Over the next 30 years more Australians will have their lives cut short by the obesity epidemic than climate change, terrorism, road trauma or any of the other hot topics driving the national agenda.
We are fourth in the OECD when it comes to obesity and fifth when it comes to being overweight in general. More than two-thirds of all adults are "above a healthy weight" and almost a third of us are obese. At least a quarter of our children, about 1.2 million youngsters, are overweight or obese.
Given overweight children often become overweight adults this does not augur well. The implications for future budgets are dire. Obesity-related illnesses, including type 2 diabetes, cost the economy $8.6 billion in 2011.
Greens leader Dr Richard Di Natale, who wants politicians banned from receiving donations from fast food and soft drink companies, has warned we will be "the first generation to hand over a lower life expectancy to our kids than the one we enjoyed" if nothing is done to turn the ship around.
The big question, and one individuals frequently ask themselves around this time of year, is "what are we going to do about it?".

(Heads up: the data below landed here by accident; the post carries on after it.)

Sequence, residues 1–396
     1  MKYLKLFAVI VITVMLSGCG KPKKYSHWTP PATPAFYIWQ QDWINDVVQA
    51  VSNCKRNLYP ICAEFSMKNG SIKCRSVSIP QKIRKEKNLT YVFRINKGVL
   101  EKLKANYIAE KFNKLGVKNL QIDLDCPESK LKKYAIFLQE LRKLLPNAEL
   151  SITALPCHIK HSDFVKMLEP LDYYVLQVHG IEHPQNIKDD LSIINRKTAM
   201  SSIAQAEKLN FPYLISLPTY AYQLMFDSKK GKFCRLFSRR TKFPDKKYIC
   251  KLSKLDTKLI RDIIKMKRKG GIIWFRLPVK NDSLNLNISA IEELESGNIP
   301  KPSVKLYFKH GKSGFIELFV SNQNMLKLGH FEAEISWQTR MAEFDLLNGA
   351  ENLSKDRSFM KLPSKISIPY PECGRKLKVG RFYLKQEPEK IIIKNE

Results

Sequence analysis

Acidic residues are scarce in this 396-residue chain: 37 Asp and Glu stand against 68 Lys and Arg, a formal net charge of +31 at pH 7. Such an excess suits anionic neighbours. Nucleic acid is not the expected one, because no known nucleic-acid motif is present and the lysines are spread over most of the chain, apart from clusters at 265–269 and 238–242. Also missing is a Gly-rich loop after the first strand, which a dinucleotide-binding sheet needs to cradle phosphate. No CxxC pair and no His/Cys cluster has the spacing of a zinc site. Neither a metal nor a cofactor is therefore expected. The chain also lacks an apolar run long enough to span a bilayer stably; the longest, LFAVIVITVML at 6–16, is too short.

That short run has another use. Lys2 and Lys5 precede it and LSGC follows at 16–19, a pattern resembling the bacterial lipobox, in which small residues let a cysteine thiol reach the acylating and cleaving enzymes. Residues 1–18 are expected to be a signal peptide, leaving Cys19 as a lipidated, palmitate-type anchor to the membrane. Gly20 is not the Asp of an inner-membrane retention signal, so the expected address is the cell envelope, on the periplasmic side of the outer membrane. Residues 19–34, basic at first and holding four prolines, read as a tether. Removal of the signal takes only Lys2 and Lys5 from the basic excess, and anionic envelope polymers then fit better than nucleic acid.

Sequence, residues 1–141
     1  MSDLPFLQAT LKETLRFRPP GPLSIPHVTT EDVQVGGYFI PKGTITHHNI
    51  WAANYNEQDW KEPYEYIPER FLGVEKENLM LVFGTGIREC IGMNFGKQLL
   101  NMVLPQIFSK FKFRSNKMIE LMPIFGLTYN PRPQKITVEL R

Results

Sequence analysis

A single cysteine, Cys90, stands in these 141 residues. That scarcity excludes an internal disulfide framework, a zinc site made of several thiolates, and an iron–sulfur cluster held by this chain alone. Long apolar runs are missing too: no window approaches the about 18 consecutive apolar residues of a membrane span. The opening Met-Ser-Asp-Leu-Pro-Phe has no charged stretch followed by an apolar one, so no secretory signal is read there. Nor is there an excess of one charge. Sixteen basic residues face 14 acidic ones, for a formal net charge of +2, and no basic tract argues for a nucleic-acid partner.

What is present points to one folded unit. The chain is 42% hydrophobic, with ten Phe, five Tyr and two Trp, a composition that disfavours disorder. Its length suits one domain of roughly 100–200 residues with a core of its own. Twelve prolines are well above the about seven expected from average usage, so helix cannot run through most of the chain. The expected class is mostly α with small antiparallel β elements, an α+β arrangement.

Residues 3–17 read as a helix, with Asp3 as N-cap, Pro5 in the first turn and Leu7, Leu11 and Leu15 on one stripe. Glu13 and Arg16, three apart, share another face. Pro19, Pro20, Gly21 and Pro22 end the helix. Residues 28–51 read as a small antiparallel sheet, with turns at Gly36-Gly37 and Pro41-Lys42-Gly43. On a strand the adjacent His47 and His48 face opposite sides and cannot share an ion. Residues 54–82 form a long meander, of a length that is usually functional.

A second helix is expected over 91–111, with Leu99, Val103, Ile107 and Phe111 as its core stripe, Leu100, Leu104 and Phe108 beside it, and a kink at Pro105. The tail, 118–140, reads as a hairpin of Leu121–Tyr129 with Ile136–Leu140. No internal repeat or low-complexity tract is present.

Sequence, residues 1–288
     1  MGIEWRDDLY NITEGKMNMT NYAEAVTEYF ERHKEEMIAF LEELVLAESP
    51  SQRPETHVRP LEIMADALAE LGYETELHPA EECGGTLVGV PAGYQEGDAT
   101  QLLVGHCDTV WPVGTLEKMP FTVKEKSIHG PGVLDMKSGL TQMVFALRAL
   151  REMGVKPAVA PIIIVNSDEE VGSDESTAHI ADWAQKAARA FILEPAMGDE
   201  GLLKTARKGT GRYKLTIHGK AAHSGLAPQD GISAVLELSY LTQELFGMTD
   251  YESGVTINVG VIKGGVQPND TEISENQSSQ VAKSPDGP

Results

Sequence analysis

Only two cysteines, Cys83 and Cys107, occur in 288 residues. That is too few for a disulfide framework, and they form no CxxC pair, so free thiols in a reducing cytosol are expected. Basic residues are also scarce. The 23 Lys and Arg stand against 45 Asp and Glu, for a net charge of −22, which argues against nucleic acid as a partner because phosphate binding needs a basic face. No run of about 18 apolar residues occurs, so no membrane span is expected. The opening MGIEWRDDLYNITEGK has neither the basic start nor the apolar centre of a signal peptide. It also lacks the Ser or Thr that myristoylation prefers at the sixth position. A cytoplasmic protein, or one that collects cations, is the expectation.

While millions of us will enter 2019 vowing to eat less and move more, only a small proportion will make good on that.
Many Australians are trapped in a calorie-rich, time-poor world which literally conditions them to gain weight as a result of numerous factors beyond their control.
When the British Government commissioned a "mind map" to chart the factors, including media inputs, food availability, psychological forces, exercise opportunities, and the types of nutrition being offered through fast food chains and supermarkets, that contribute to obesity the result looked like a map of the galaxy.
It is not enough for leaders, family members and peers, to tell individuals all they need to do is to cut down on the calories and spend more time on the bike, going for runs or working out in the gym.
Busy individuals locked into high-cost housing and facing extended daily commutes that leave them exhausted when they finally get home easily fall into the trap of grabbing some takeaway as the easy dinner option.
Body shaming is not the answer. We need to work out what can be done to make it easier for people to eat healthily and to incorporate sustainable exercise into their lives.
The work-life balance, how we structure paid employment and the development of exercise-friendly infrastructure, such as neighbourhood parks and bicycle and walking paths, are all high on the list of things that need to be looked at.
Much can also be done in the short term by taking on the sugar and fast food lobbies. The British have achieved good results with the introduction of a sugar tax.
It would also make sense to restrict fast food advertising given many of the television programs watched by children have a lot of fast food sponsorship.
The rise of global obesity has reflected significant changes in how we live and work. The only way we can hope to reverse the trend is by adopting a holistic, community-based approach that supports individuals on their weight loss journey.